IEEE/ACM TRANSACTIONS ON NETWORKING
satisfies the survivability guarantee of all critical commodities
as defined in Definition 13, 2) the working flow Wi of each
critical commodity Ki ∈ C can be migrated from S to S without congestion as defined in Definition 7, 3) at any failure
η ∈ E, each critical flow can be migrated to its recovery
flow without congestion, 4) the solution minimizes the total
migration cost as primary objective, and 5) the solution
maximizes the total throughput of non-critical commodities
during normal operations as secondary objective.
A two-layer formulation is proposed for this problem:
Program 5 SCFP(G, K, P, K + )
Variables:
Wi+ (e)
Ri+,η (e)
new working flow of Ki ∈ K+ on e
recovery flow of Ki ∈ C + on e when η fails
(e = η)
flow change of Ki ∈ C + on link e
flow value of Ki ∈ N
φi (e)
fi+
min Φ∗ =
max
πe φi (e)
(primary)
(2a)
(secondary)
(1a)
Ki ∈C + e∈E
fi+
Ki ∈N
s.t. ∀Ki ∈ K+ , ∀v ∈ V \ {si , ti } :
Wi+ (e) −
Wi+ (e) = 0;
e∈in(v)
(5a)
e∈out(v)
∀Ki ∈ C + :
Wi+ (e) −
e∈in(ti )
Wi+ (e) = di ;
(5b)
Wi+ (e) = fi+ ;
(5c)
e∈out(ti )
∀Ki ∈ N :
Wi+ (e) −
e∈in(ti )
e∈out(ti )
+
∀Ki ∈ C , ∀η ∈ E, ∀v ∈ V \ {si , ti } :
Ri+,η (e) −
Ri+,η (e) = 0;
e∈in(v)
e∈out(v)
e=η
e=η
∀Ki ∈ C + , ∀η ∈ E :
Ri+,η (e) −
Ri+,η (e) = di ;
e∈in(ti )
e∈out(ti )
e=η
e=η
∀e ∈ E :
max{Wi (e), Wi+ (e)} ≤ ce ;
(5d)
(5e)
(5f)
Ki ∈C +
∀e ∈ E, ∀η ∈ E, e = η :
max{Wi+ (e), Ri+,η (e)} ≤ ce ;
Ki ∈C +
(5g)
Wi+ (e) ≤ ce ;
(5h)
∀Ki ∈ C , ∀e ∈ E : φi (e) = |Wi+ (e) − Wi (e)|;
(5i)
∀Ki ∈ K , ∀e, η ∈ E, e = η :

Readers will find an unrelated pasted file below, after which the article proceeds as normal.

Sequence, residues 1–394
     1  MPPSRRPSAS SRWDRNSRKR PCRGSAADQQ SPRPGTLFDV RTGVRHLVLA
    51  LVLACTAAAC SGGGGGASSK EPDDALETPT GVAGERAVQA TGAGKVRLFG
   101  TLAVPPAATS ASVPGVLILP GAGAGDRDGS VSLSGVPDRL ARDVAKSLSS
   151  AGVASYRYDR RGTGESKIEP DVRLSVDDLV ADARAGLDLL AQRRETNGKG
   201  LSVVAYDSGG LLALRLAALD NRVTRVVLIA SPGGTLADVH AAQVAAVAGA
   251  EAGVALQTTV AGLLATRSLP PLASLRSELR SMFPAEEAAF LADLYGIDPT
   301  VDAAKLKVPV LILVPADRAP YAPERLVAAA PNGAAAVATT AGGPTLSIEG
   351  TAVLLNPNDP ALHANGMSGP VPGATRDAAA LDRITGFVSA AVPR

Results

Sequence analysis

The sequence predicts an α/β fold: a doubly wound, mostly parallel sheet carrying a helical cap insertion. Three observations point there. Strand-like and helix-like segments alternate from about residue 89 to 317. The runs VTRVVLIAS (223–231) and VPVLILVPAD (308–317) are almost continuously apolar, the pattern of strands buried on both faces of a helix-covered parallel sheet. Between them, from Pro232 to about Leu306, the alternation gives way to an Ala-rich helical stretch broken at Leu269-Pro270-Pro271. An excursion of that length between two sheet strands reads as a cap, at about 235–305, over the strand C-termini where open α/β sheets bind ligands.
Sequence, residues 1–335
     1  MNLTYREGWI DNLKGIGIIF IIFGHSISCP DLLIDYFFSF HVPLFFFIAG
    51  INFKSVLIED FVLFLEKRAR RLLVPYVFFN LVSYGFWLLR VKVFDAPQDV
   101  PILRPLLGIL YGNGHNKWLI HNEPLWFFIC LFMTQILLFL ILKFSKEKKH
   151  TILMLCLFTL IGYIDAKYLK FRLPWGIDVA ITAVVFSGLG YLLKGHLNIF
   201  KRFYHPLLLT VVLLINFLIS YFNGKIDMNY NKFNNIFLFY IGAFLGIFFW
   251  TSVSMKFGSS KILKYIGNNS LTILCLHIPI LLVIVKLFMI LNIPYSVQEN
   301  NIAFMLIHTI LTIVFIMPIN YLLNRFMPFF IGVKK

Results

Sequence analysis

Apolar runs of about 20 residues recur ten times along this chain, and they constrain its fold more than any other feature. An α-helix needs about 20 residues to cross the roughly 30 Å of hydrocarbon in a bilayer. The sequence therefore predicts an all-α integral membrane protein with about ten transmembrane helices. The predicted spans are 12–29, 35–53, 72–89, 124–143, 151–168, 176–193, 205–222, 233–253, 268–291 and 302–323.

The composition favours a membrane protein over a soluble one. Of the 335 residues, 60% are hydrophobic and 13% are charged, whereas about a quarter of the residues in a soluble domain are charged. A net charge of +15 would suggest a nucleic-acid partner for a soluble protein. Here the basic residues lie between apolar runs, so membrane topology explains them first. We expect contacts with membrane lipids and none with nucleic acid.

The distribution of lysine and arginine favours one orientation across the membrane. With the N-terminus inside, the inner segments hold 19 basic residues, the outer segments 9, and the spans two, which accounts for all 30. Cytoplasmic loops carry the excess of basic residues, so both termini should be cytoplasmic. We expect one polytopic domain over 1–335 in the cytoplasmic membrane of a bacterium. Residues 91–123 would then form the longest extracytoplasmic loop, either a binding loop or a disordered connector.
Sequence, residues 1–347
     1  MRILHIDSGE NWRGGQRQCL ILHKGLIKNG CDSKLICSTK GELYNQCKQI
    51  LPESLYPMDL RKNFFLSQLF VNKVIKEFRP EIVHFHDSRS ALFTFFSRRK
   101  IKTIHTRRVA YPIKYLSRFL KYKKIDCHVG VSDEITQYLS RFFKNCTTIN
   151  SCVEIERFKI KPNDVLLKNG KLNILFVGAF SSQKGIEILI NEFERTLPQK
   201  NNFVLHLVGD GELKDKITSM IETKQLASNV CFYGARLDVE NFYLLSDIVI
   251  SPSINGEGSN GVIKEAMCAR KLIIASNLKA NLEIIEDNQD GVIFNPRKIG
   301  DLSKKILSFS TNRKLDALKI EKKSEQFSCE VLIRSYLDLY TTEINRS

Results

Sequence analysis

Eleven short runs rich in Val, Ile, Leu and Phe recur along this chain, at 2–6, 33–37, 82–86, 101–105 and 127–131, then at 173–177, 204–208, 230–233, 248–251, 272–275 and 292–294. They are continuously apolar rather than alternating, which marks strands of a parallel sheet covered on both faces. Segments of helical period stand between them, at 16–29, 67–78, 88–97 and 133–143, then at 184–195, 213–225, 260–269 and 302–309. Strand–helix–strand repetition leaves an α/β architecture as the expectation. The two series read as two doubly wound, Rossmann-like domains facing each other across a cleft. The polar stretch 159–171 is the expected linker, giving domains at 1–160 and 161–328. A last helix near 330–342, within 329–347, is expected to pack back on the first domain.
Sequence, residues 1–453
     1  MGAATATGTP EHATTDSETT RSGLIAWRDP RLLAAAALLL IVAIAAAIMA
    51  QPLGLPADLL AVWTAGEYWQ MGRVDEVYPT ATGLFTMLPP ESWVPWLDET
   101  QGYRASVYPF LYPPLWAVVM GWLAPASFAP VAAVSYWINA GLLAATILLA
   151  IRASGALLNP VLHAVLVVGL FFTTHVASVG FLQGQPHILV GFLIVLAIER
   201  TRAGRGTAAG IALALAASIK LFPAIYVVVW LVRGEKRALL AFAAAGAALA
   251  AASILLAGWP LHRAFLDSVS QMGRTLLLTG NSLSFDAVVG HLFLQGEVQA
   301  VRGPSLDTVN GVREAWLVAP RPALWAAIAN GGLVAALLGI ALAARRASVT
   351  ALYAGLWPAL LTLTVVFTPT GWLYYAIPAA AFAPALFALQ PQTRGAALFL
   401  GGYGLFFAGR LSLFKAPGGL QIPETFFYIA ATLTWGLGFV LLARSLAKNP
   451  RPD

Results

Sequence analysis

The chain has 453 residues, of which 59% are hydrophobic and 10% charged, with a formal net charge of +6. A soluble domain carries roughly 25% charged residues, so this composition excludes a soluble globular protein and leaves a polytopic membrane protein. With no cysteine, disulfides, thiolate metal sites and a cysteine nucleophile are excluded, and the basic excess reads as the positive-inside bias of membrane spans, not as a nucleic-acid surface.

Wi+ (e), Ri+,η (e) φi (e), fi+ ≥ 0.
(5j)
∀e ∈ E :
Ki ∈K+
+
+
Explanation: The two objectives (5a) and (5a) are essentially the same as in the MCFP formulation (Program 2).
Constraints (5a) and (5d) define the flow conservation for
both working flows and recovery flows during each link
failure η per-critical commodity. Similarly, Constraints (5b)
and (5e) define the corresponding flow values to strictly satisfy
the critical commodities’ bandwidth demands. Constraint (5c)
further defines the flow values of non-critical flows. For
congestion-free migration, two scenarios are considered in
the formulation. Constraint (5f) defines the congestion-free
migration from the old working flows to the new working
flows, for each critical commodity. Constraint (5g) further
defines the congestion-free migration from the working flows
to the recovery flows during an arbitrary link failure η. This
ensures that, although different critical commodities may share
capacity on the same link for backup in different failure scenarios, they cannot share during the same failure; further, enough
capacity needs to be reserved for congestion-free migration
during failure. Constraint (5h) further defines the capacity
constraints over both critical and non-critical commodities.
As non-critical flows do not affect the migration of critical
flows in any scenario, only the new working flows are considered. Constraint (5i) defines flow changes using working
flows only. Finally, Constraint (5j) are the non-negativity
constraints.
A solution to SCFP is proposed in the following theorem:
Theorem 16: SCFP can be optimally solved in O((km2 +
2km + k)3 L) time, where m is the number of links,
k is the number of commodities, and L is the input
size.
Proof: To solve the SCFP formulation (Program 5),
we still apply the linearization technique proposed in
Section V. After linearization, Program 5 is a two-layer linear
program with O(km2 + 3km + k) variables. Using the twolayer optimization technique mentioned in Section V, we can
solve it in O((km2 + 3km + k)3 L) time based on existing
solution [47].
E. Faster Heuristic for SCFP
Although the optimal formulation of SCFP can be solved
in polynomial time, it has Ω(m) more variables than the
formulation of CFP and MCFP in the worst case. Consequently, it has Ω(m3 ) times higher worst-case time complexity
than CFP and MCFP. This will largely hinder its application
in most practical settings. In this subsection, we propose a
faster heuristic for SCFP that has the same asymptotic time
complexity as the solutions to CFP and MCFP.